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Scott Leibfried's Tips for Reviving Your Meals

Scott Leibfried, a chef and culinary consultant who has participated on "Hell’s Kitchen" and the "Food Network Challenge," is now the restaurateur behind Reviver, a New York joint dedicated to balanced, nutritious, clean food. He joins the Clever Cookstr to talk about making delicious food healthy.

By
Kara Rota,
August 19, 2014
Episode #013

Page 1 of 2

Our guest on the Clever Cookstr today is Scott Leibfried, a chef and culinary consultant who you might know from his work hosting and participating on shows like "Hell’s Kitchen" and the "Food Network Challenge." Scott is now the restaurateur behind Reviver, a New York joint dedicated to balanced, nutritious, clean food. Today he’s joining us to talk about making delicious food healthy.

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CC: Scott, your job as a chef involves creating balanced, healthy, whole food takes on recipes that people will love. What are some tricks for how you do that?

SL: We took a little bit of a different approach. Most competitors, and most people, would actually say, 'Well, how do we make a chicken parmesan healthy? How do we make a cheeseburger healthy?' The reality is that you can, but it’s not going to taste very good. So we took an entirely different approach, not even considering any of that, and we started with four food principles: balanced, nutritious, clean, and pure.

And then we built menu items and recipes around those four principles. So we have a fantastic curry dish, a great barbecue chicken dish. We have a real classic riff on just a plain old roasted chicken; ours is rice, spinach, broccoli rabe, and grilled chicken, and lemon sauce and mushrooms. So we really didn’t take food that was out there, popular foods, and make them healthy. We actually took inspiration from popular dishes, and then really went to work on having them fit the four food principles--and then taste great.

CC:  I know a big part of your mission is balance. Creating meals that supply the right amount of all the different nutrients. How can listeners learn how to do that in a home kitchen?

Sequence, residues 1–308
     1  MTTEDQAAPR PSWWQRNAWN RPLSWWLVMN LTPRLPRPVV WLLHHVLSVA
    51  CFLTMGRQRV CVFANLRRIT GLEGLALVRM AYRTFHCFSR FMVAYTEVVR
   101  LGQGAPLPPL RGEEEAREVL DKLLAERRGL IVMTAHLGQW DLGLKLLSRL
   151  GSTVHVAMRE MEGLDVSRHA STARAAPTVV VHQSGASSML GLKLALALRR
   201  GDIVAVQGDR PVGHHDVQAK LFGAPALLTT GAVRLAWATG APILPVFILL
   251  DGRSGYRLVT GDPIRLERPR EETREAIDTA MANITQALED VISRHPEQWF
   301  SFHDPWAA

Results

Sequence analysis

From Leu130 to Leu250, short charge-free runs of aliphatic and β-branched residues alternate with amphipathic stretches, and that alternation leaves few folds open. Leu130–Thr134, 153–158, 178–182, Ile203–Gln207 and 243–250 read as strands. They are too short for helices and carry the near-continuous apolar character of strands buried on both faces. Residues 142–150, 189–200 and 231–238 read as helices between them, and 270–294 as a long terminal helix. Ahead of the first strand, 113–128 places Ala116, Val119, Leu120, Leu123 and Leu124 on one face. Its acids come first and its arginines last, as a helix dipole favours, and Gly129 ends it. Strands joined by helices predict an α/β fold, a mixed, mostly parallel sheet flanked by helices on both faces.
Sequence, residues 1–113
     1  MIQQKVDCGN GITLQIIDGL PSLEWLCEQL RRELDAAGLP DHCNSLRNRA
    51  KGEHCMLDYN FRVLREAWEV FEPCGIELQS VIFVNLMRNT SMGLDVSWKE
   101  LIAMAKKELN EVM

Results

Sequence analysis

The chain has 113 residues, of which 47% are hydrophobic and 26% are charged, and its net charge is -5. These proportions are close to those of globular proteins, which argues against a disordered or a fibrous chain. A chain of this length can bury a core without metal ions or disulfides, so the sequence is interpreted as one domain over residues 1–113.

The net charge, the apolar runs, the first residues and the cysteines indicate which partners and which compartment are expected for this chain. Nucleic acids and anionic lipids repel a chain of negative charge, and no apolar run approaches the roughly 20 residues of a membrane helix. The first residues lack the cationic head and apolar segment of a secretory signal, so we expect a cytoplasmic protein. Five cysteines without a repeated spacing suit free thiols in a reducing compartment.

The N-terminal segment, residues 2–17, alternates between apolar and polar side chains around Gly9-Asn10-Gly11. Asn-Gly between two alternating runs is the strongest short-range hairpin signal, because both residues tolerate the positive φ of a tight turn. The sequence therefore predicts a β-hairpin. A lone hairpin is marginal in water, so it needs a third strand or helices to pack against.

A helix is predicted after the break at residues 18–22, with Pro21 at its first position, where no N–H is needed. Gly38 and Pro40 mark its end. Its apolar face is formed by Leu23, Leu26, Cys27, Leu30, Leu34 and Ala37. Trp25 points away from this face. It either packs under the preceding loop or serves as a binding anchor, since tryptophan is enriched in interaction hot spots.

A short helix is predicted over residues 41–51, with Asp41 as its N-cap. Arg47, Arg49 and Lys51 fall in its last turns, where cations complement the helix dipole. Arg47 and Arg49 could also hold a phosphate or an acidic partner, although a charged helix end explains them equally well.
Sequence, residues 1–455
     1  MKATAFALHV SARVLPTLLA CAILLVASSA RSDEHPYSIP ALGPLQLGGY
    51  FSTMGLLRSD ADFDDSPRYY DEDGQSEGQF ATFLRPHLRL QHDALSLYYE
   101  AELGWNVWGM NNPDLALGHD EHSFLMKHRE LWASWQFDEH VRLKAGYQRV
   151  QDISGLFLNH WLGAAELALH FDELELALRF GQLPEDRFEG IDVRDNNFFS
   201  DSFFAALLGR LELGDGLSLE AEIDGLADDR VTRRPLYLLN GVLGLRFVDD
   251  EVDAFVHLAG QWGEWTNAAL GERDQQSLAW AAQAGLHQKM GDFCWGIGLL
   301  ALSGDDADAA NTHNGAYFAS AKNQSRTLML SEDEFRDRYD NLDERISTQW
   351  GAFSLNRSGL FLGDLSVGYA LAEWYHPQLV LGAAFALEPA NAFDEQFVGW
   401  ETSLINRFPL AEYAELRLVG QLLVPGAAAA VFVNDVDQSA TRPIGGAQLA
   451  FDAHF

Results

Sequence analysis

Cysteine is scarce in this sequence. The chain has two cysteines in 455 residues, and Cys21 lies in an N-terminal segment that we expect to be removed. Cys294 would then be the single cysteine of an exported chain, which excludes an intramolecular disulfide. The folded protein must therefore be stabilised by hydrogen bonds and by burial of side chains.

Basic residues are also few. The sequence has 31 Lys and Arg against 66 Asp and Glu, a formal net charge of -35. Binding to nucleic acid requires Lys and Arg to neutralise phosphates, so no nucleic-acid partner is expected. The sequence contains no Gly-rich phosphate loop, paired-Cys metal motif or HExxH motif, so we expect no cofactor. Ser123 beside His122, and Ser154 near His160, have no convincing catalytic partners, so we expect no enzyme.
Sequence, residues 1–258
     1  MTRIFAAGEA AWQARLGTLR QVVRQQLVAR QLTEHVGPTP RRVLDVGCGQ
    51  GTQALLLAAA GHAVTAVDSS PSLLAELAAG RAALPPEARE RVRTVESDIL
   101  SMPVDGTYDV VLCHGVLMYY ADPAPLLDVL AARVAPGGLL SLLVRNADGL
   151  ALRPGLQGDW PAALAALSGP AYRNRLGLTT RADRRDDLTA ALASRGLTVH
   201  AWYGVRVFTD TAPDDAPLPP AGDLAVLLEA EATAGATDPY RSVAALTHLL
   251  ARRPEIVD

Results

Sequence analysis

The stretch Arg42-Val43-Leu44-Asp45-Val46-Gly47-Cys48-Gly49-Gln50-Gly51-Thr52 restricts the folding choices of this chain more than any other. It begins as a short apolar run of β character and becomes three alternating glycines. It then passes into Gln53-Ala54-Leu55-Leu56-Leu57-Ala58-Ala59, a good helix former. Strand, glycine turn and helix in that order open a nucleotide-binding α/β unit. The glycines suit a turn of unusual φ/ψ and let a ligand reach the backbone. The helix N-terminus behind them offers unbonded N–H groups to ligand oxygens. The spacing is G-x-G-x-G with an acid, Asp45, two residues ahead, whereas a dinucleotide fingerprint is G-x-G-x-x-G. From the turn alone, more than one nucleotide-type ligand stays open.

SL: Well, it was the hardest part that we had to do, in order to make the recipes compliant--but then they also had to taste good. At first, we usually found ourselves with one or the other! We'd have a perfectly balanced meal, but it was horrible and nobody wanted to eat it. Or vice versa: it would be so delicious, but so out of compliance that we couldn’t do it.

So really, after a long learning process, we just knew that we had to have proteins, carbohydrates, and fats. We had to have vitamins. We had to have fruits and vegetables. We had to have omega 3s. So really, just identify those ingredients, and then really go to work on the dish. For one of our salad dishes, when it came to the fruits and vegetables, it was roasted cauliflower and dried apricots together--which not only taste great together, but then you have a balance of fruit and vegetables, as well as different flavors.

CC: And how do you approach the concept of moderation? When people are trying to eat differently, revamp their diet, do you believe in the concept of a "cheat meal" or a "cheat day," or is it really about making permanent changes?

SL: I don’t think anything when it comes to eating is changed for good. For me, as a clasically-trained professional chef, I ate indulgent food for a very long time, and I got past it a one point because I’d had enough of it. You know, how many pieces of foie gras can you have? Really, in one life? I still appreciate it and look forward to it, but I now find that because I work all the time, I eat Reviver food all the time. And we are constantly in development with new dishes, so this is the way I eat now, and I feel great. I’ve never felt better. But when I go out on a Saturday night for a rib eye steak, it never tasted so good! So I think moderation is great, but I do think the indulgent has to be in there, too.

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